The role of disulfide bonds in the assembly and function of MD-2.

Article Details


Mullen GE, Kennedy MN, Visintin A, Mazzoni A, Leifer CA, Davies DR, Segal DM

The role of disulfide bonds in the assembly and function of MD-2.

Proc Natl Acad Sci U S A. 2003 Apr 1;100(7):3919-24. Epub 2003 Mar 17.

PubMed ID
12642668 [ View in PubMed

MD-2 is a secreted glycoprotein that binds to the extracellular domain of Toll-like receptor 4 (TLR4) and is required for the activation of TLR4 by lipopolysaccharide (LPS). The protein contains seven Cys residues and consists of a heterogeneous collection of disulfide-linked oligomers. To investigate the role of sulfhydryls in MD-2 structure and function, we created 17 single and multiple Cys substitution mutants. All of the MD-2 mutant proteins, including one totally lacking Cys residues, were secreted and stable. SDSPAGE analyses indicated that most Cys residues could participate in oligomer formation and that no single Cys residue was required for oligomerization. Of the single Cys substitutions, only C95S and C105S failed to confer LPS responsiveness on TLR4 when mutant and TLR4 were cotransfected into cells expressing an NF-kappaB reporter plasmid. Surprisingly, substitution of both C95 and C105 partially restored activity. Structural analyses revealed that C95 and C105 formed an intrachain disulfide bond, whereas C95 by itself produced an inactive dimer. In contrast to the cotransfection experiments, only WT MD-2 conferred responsiveness to LPS when secreted proteins were added directly to TLR4 reporter cells. Our data are consistent with a model in which most, possibly all sulfhydryls lie on the surface of a stable MD-2 core structure where they form both intra- and interchain disulfide bridges. These disulfide bonds produce a heterogeneous array of oligomers, including some species that can form an active complex with TLR4.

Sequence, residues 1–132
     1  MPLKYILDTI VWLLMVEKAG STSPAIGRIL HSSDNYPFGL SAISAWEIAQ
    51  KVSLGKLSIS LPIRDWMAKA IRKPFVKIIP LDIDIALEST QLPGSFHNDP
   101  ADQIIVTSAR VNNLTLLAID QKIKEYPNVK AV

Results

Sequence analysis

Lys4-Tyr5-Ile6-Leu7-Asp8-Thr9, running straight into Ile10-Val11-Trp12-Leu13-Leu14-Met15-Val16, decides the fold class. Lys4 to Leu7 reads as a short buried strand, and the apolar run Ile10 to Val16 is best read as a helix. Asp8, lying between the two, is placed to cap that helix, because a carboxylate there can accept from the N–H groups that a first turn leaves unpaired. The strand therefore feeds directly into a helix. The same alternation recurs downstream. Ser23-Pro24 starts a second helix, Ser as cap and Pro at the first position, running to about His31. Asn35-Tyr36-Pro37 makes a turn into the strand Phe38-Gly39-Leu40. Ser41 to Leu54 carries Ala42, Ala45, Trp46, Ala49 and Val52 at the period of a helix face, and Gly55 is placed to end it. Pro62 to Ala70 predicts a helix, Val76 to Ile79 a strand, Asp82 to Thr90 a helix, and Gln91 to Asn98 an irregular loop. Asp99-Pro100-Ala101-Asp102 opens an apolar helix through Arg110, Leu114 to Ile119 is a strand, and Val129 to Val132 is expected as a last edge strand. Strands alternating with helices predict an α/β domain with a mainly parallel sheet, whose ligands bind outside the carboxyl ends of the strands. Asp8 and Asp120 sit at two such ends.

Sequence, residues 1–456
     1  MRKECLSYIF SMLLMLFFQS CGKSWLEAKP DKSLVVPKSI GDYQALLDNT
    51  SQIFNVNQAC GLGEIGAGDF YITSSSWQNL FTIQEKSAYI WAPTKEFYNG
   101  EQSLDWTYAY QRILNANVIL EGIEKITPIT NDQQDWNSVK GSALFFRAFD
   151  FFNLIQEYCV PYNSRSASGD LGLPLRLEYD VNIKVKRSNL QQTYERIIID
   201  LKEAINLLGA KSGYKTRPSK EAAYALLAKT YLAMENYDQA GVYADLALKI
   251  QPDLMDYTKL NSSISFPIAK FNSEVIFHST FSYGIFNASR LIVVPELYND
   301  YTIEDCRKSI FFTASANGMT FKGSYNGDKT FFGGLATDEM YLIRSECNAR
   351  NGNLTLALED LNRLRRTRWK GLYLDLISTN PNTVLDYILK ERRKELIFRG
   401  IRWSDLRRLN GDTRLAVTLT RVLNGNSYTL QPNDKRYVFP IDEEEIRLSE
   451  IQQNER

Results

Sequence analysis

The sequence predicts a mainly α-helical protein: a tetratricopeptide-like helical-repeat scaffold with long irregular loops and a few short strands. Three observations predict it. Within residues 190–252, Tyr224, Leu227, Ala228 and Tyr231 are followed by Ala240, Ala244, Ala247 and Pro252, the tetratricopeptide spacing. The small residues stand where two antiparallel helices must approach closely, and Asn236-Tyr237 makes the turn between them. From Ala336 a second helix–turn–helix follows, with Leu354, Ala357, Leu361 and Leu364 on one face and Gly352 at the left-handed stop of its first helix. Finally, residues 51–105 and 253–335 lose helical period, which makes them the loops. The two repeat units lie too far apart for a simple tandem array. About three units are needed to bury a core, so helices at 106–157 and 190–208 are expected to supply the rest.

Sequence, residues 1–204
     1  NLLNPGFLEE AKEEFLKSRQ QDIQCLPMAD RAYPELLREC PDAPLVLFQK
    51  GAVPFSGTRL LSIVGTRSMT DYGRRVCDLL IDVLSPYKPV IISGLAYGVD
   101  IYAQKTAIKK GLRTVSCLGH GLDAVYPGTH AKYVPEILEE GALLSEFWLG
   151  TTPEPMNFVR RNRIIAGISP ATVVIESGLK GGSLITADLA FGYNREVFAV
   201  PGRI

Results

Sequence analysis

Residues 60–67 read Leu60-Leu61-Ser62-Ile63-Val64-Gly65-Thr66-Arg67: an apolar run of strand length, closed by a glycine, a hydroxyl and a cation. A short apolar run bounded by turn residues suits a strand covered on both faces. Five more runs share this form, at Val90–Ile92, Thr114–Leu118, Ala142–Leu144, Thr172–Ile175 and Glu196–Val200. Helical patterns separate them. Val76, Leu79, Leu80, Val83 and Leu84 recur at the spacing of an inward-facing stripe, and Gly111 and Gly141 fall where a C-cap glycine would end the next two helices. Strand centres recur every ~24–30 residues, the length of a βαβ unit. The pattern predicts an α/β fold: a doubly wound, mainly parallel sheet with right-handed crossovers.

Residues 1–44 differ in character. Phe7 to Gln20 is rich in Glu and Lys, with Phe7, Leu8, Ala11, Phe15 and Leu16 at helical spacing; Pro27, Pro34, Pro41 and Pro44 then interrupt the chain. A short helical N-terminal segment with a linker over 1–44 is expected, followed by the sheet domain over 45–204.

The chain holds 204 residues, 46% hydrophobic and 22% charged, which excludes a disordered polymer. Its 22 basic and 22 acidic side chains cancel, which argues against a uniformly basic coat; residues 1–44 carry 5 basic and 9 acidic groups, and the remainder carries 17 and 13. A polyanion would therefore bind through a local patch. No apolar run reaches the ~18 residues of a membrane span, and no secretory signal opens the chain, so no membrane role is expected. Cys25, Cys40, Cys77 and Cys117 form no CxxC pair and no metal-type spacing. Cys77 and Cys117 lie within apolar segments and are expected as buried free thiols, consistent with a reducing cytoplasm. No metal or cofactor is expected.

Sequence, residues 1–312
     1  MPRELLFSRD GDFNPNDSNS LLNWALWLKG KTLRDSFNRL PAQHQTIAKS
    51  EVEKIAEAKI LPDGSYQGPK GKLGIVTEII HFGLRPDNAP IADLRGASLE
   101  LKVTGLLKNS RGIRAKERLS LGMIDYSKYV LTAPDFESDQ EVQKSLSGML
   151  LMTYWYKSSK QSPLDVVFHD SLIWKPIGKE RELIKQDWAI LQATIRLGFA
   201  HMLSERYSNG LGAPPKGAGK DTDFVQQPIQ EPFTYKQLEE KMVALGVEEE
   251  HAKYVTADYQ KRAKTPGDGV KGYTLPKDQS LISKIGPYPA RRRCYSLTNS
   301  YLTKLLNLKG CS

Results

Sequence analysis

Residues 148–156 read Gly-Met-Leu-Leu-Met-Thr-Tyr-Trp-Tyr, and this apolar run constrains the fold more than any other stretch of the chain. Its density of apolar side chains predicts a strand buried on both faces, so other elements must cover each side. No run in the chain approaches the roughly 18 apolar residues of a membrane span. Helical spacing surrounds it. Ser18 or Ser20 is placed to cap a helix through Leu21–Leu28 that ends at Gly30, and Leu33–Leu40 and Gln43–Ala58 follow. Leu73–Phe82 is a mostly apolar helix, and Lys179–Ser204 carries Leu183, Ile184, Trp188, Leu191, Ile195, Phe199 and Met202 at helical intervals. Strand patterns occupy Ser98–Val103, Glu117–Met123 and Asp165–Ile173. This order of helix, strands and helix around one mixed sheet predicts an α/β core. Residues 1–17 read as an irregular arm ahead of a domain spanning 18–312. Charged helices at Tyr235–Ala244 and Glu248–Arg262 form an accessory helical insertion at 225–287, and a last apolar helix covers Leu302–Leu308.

DrugBank Data that Cites this Article

NameUniProt ID
Lymphocyte antigen 96Q9Y6Y9Details